One such example is a patient wearing a Bi-expert (Baush + Lomb) contact lens, which is a segmented multifocal lens. This lens is unique in that it does not have a visible line on the lens. When the lens is sent to your office, it comes with a small dot that is located on the nasal and temporal aspect of the lens that corresponds to where the line that separates the near and the distance optics are located. This marking usually wipes away within a few weeks through normal care for the contact lens.

When working with a segmented bifocal, also consider these requirements:
• First, make sure that it translates effectively and allows the patient to see through the near optics of the lens when looking down.
• Second, make sure that the segment is high enough to allow easy transition between the distance and near optics, and low enough so that it doesn’t interfere with distance vision. Keep in mind that, while we can get a sense of whether the segment is too high or too low based on changes in vision that the patient describes while tilting their head either forward or backwards, this cannot be visualized at the slit lamp

2b. A segmented RGP bifocal lens. The dots at 2:30 and 8:30 represent the edges of the segment of the lens. The dot at 7:30 is to identify the lens as the right lens (right).
Topography over the surface of the lens can easily allow visualization of changes on the contact lens surface (figures 2a and 2b). This lets you easily determine the transition zone between the distance and the near optics, and also allows you to observe where the pupil is with respect to the transition zone and whether the segment is low enough in primary gaze. This is valuable for any segmented multifocal GP that does not have a visible line dividing the distance and near optics in the lens.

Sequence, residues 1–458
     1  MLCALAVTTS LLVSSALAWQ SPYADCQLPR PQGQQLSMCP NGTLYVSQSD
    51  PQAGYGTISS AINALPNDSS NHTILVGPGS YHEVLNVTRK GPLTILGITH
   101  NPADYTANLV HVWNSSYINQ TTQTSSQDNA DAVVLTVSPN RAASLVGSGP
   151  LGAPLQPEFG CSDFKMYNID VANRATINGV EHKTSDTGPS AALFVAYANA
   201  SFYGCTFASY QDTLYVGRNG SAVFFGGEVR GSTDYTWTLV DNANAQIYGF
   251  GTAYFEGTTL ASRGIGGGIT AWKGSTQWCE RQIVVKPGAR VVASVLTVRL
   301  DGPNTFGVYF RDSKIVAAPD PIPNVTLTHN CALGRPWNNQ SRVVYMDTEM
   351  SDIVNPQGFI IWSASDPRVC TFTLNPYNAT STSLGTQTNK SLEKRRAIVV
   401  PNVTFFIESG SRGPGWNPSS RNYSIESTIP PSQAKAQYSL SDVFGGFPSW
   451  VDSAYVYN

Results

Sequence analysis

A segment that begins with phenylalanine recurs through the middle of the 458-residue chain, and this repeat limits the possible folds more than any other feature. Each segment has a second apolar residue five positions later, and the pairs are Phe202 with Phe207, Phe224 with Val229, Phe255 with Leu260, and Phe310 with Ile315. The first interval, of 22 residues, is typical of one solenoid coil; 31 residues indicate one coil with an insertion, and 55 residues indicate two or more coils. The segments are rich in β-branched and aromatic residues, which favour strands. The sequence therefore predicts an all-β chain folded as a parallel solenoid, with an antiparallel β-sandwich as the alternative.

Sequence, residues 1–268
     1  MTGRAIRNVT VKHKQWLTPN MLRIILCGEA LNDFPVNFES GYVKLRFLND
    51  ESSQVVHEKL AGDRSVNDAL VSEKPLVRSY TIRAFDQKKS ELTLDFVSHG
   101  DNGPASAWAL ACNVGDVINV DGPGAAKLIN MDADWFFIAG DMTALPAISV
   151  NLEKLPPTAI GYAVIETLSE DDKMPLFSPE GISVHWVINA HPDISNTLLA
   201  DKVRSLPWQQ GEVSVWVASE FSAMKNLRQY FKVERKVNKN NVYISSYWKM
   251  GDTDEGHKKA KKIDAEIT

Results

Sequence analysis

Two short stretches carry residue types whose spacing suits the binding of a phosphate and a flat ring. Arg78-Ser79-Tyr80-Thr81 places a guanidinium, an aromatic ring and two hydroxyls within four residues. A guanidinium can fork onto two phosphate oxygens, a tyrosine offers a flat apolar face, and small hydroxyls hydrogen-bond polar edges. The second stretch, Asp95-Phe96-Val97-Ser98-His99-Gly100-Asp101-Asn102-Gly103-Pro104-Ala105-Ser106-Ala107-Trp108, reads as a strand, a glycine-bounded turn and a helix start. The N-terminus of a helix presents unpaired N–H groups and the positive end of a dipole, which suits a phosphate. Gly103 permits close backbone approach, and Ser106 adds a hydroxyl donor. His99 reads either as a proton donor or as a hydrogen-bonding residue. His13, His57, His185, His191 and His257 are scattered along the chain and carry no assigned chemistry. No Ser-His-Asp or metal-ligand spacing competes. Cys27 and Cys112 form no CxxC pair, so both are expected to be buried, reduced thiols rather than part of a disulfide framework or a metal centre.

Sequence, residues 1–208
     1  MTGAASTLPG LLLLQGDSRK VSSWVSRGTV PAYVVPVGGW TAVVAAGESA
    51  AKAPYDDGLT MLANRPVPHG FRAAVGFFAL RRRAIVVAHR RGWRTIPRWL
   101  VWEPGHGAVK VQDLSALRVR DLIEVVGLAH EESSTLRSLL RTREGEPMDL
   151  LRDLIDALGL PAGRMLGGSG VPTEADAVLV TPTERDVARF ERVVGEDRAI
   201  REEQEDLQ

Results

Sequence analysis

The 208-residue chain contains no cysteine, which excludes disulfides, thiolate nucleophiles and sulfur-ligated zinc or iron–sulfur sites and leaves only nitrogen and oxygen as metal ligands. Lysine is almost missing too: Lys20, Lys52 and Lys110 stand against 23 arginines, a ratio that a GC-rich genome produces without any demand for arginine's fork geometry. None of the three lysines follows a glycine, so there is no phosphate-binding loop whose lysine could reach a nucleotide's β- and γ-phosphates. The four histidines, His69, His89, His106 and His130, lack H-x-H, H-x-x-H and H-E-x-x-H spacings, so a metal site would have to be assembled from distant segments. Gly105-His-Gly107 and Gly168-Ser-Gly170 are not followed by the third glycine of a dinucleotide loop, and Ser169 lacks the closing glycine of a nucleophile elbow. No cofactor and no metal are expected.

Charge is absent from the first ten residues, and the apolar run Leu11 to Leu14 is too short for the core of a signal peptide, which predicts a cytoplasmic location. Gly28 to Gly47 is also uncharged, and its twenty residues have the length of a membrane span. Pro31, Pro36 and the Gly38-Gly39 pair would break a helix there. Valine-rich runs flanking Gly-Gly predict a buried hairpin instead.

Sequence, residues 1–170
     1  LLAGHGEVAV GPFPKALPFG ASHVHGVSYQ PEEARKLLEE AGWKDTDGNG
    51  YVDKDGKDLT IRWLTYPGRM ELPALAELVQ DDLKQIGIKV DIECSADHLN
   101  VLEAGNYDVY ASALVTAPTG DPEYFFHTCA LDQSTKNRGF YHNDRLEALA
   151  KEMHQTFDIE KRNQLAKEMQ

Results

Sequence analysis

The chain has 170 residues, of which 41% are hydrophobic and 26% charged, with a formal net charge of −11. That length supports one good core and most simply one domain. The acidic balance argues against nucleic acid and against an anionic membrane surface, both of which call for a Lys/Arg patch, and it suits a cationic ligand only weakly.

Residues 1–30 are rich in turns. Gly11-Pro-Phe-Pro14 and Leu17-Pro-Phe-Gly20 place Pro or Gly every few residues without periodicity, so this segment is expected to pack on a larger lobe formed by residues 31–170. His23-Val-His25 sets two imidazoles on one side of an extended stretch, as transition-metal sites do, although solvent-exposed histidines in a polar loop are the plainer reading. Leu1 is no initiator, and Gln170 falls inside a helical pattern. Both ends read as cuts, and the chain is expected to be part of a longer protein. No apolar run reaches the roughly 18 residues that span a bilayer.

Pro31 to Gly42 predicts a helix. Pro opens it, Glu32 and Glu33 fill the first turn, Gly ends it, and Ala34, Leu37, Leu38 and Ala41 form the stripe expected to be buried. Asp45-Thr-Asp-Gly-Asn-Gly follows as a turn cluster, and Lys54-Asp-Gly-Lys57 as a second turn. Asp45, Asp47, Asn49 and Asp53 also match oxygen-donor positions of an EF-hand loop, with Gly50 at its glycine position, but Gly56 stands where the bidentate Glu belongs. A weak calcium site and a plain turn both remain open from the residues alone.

Infrared Capabilities
Some topographers offer the unique ability to view the meibomian glands through infrared imaging. These capturing systems can image the meibomian glands of everted upper and lower eyelids. It was recently shown that meibomian gland dropout is positively correlated with the ocular surface disease index score.2 Meibomian gland dropout and tortuosity of the glands, both considered signs of meibomian gland dysfunction, can easily be imaged.

3. A picture of the tarsal plate showing the meibomian glands in a healthy individual.
This is an interesting and critical finding especially when working with those who suffer from dry eye symptoms, particularly presbyopes. By viewing the meibomian glands in this way, the practitioner has one more factor to consider when fitting and treating patients for contact lens-related dryness (figure 3).

For example, a patient who complains of comfort issues and has relatively normal ocular health findings, other than visible meibomian gland dropout with infrared imaging, may be best served by optimizing the function of the meibomian glands.

With new technologies come new ways to view contact lenses and the tissues that support comfortable, optimized lens wear. Corneal topographers may provide a unique opportunity to view contact lenses and meibomian glands, which can help to improve patient outcomes and minimize dropouts. 

1. Lampa M, et al. Assessing multifocal soft contact lens centration with the aid of corneal topography. Poster presented at the annual Global Specialty Lens Symposium meeting, January 26-29, 2012; Las Vegas.
2. Srinivasan S, Menzies K, Sorbara L, Jones L. Infrared imaging of meibomian gland structure using a novel keratograph. Optom Vis Sci. 2012 May;89(5):788-94.